London: Jonathan Cape, c1985.
This is a short story collection that I've had on the shelf and the TBR for a very long time. I finally finished it, with great admiration for Mavis Gallant and the urge to read every other book of hers that I currently own. She is wonderful.
This book is a collection of stories about young women, mostly -- young Canadian women at home or abroad, in situations that they have to adjust themselves to. Many times in various stories, Gallant refers to the Canadian habit of reserve, of even perhaps stuffiness. I think the idea of Canadians and being Canadian has changed since the decades that Gallant wrote these stories, at least from an internal point of view -- I don't know how others still see us!
In any case, these are stories of relationships, between mothers and daughters, female friends, or women and the wider world. They are all immensely readable, absorbing my attention completely. The first section, At Home, reveals young girls encountering the strangeness of the world, all set in Canada. I liked these, but was much more engaged by part two, Canadians Abroad - there was something about the newness of Europe and the characters' reactions to it that I found appealing.
The last section of the book is made up of six Linnet Muir stories; Linnet is a fictional stand-in for Gallant herself, having many of the same experiences, from working at a newspaper from a young age, as the only woman not in the typing pool, to travelling and seeing opportunities for herself different from those that most women expected in their lives at that time (around the early 40s).
I enjoy Gallant's writing more than Alice Munro's -- the stories don't feel as constricted to me, they hold a little more life and movement -- but perhaps that's because I identify more with Gallant's wanderlust and ambition than with Munro's small rural circles. Gallant delves into the personalities of diplomats or regular North Americans abroad, the petty power struggles in their own small circles; she looks at how sheltered young women have to face both being alone in Europe and the challenge to their constricted vision of life.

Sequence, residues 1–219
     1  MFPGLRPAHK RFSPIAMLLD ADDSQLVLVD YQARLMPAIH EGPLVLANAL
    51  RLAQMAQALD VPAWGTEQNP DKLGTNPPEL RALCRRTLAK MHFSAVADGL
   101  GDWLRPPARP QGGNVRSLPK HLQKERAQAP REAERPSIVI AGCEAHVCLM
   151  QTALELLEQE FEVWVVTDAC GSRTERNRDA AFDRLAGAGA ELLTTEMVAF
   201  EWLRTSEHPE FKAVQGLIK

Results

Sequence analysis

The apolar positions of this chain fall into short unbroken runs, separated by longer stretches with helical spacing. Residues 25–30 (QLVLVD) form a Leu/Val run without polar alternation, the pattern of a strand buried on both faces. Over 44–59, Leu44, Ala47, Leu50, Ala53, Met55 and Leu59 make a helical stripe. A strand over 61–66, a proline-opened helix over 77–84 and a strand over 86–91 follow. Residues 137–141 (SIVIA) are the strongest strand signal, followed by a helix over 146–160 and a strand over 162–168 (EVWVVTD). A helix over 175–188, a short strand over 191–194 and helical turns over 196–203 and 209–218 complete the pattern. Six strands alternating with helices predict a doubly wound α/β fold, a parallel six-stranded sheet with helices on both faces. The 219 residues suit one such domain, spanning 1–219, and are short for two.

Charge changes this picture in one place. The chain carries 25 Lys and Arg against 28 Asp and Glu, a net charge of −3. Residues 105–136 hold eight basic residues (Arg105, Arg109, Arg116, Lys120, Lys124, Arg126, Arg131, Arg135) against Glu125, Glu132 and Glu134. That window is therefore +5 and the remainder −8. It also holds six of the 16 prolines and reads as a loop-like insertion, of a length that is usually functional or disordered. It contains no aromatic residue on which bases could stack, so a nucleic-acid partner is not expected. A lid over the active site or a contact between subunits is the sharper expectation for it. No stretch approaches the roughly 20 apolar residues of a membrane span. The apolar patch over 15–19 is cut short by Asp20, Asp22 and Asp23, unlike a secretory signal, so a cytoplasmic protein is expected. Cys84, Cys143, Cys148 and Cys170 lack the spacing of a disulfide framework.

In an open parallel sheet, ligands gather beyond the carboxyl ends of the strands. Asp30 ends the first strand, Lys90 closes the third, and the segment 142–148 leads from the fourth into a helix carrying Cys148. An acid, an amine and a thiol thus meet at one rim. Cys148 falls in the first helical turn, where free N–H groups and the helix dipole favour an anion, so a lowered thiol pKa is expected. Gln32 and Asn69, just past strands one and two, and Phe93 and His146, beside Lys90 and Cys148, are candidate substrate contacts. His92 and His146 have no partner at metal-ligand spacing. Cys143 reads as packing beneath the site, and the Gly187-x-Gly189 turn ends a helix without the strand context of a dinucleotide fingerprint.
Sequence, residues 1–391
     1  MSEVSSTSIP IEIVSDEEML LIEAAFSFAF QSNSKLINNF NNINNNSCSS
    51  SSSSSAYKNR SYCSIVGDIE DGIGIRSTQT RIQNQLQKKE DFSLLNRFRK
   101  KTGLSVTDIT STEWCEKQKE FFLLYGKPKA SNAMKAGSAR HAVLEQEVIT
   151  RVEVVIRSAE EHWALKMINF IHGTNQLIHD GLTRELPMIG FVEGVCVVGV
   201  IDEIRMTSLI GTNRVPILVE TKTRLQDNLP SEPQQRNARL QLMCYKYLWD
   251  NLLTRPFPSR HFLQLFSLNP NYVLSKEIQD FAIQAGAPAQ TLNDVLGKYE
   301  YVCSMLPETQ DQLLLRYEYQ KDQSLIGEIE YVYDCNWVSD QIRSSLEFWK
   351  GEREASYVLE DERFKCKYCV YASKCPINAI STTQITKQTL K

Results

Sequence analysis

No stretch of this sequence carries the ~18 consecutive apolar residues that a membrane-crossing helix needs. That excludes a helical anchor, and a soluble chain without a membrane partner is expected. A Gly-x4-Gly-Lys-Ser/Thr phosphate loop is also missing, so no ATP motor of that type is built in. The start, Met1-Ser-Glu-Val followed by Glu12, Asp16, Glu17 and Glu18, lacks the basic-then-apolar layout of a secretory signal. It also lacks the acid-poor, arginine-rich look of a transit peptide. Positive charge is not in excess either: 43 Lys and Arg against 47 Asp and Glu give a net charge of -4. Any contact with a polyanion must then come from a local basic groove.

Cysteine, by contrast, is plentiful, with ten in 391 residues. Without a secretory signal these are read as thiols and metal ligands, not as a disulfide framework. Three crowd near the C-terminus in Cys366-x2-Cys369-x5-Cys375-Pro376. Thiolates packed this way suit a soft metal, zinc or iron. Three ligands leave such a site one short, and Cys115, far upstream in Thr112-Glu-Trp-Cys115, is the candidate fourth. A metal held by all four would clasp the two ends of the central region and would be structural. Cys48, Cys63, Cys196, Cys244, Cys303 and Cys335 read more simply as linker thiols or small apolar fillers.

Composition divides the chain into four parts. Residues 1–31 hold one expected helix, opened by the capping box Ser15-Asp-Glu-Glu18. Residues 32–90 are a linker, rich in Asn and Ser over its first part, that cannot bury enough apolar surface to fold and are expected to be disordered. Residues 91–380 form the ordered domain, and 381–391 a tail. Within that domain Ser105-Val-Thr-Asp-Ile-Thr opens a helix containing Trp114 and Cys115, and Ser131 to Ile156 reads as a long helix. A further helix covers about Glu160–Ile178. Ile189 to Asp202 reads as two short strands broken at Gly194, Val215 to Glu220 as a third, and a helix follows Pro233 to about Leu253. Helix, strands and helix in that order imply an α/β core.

This is especially evident in one of my favourite stories in the book, The Ice Wagon Going Down the Street. Agnes Brusen has an office job in Geneva, but she's serious and out of her depth with the casual flippancy of her fellow expats. They tease her at one point about being Norwegian - she explains that she went to visit cousins at one time, but they lived poorly, in a house that must have been 200 years old - her family had just built a new house with a bathroom and two toilets! And she ends the conversation firmly: "I'm from Saskatchewan." she said. "I'm not from anywhere else."
One more quote to give you a taste: this story is Virus X -- Charlotte Maria (Lottie) arrives in Paris to work for a year. Lottie eventually meets a girl from her hometown of Winnipeg, but she notes that Vera looks "hunkie" - a slur against Vera's Ukrainian background, which comes up again and again. While I found this prejudiced me a little against Lottie, this story is still a great one. It begins --
A bunch of holly hanging upside down at the entrance to her hotel was the first thing Lottie Benz saw in all of Paris that seemed right to her... Lottie, whose mother had made the dress she was wearing from a Vogue pattern, could have filled the back seat of her taxi with polka dots, the skirt was so wide. Stepping down, she shook order into the polka dots and her mother's ankle-length Persian-lamb coat, lent for the voyage. That was when she saw the holly. Even as the taxi-driver plucked every bit of change from her outstretched hand, she turned to this one familiar thing. A city that knew about holly would know about Christmas, true winter, everything.
If you haven't yet encountered Mavis Gallant, I encourage you to give her a try. Such great stories, and I'm glad I have more ahead to read for the first time.